We’re gearing up at several of my theater companies for a couple marketing summits, using different strategies for that immense undertaking, but the research involved in the process into other examples of Chicago Theater marketing has got me wondering – why aren’t theaters the best marketers in town?
Marketing is essentially a storytelling excercise, as Lois Kelly describes in her book Beyond Buzz: The Next Generation of Word-of-Mouth Marketing. You’re using the worldview and values that already exist in a potential audience member, and crafting a message that says “seeing this play is a way to express your values, share them, revel in them, and hell, change the world.” (for a concise summary of Lois’ 9 genres of marketing story, check out Guy Kawasaki’s blog. Or cross-reference Lois’ stories with Christopher Booker’s Seven Basic Plots. Ah, it’s great to compartmentalize everything you’ve ever heard into neat little categories.)
Theater is one of the most innovative, powerful, and cohesive storytelling formats out there. It creates shared experiences, unlike printed media; it’s cheaper to produce (and in general less ruled by profit) than film; it’s active and even athletic compared to the disembodied voices of Radio. In theater, you can tell stories with the whole human, for the whole human, and still engage the imagination of an audience.
On our good days, theater artists are some of the best storytellers out there. And Lois Kelly tells us that the only reason people buy anything these days is because they are convinced by a marketing story (she’s of course not the only one). If you get that Nintendo Wii, you will unite the generations and create a community and lasting friendships, complete with slow motion victory dances, and it’s all thanks to the ancient wisdom of polite Japanese businessman. So why can’t theater get a wider audience? Because while we are great at crafting innovative and complex visions in 50-seat black box theaters, we’re not always well equipped to tell a good marketing story – which by necessity needs to be dirt simple and loud.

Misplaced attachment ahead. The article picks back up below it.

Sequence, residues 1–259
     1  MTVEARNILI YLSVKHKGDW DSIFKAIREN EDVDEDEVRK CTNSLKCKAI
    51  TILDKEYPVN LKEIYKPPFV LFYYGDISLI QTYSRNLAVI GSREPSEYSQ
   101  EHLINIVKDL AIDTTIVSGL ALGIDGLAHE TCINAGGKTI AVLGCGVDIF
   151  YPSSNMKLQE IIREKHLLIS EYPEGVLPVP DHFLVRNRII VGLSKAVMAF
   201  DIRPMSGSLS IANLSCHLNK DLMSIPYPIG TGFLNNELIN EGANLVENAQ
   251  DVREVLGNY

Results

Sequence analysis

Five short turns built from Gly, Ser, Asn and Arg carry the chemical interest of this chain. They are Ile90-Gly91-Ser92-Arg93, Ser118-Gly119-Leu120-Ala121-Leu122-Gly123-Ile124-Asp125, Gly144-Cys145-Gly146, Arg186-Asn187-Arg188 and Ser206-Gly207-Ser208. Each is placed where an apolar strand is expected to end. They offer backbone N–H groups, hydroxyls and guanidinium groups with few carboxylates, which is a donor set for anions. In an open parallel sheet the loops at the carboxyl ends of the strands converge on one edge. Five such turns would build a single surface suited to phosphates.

I think there are three basic hurdles to successful storefront theater marketing. The first issue theaters tend to have is that the idealistic desire for detail and/or innovation in storytelling – which serves the work so well – often also leads self-marketing theaters off track. Let’s assume that you’re putting together a postcard for a show. With all the text and imagery fighting for our attention in any given day, you will be lucky to have 2 seconds to hook someone into hearing your message before their attention span shuts you out, so that 4 paragraph dramaturgical summary of your play on the front of the card probably isn’t going to cut it. Marketing messages can’t ever be complex. However, as with the example of the Wii and most television commercials, just because your message has to be simple doesn’t mean that the box it comes in can’t be detailed and exciting and be filled with all kinds of goodies and emotions. It’s just that the first thing everyone needs to get is a unified, simple message. Two Seconds. Bam.
The second hurdle is usefully segmenting the actual community and marketing to specific populations within that community. Storefront theaters are funny beasts in that despite a prevalent desire to speak to and for a community, they tend to become most successful (though anemically so) with the internal theater industry demographic. That’s often because the theater doesn’t have the time, resources, or statistical ability to understand the day-to-day needs of the community passing by their message. While they may connect with individuals in the community very deeply, they have a harder time understanding the various mindsets of the groups of people walking by their message on the way to work each day. I think theaters also tend to want to bring all people together, and in many ways they can be blind to people who don’t already appreciate theater. Over time, this has created a really unhealthy divide between theaters and general society that many other arts organizations don’t face. This problem is described a bit in Standing Room Only, another book on marketing specifically for performing arts organizations: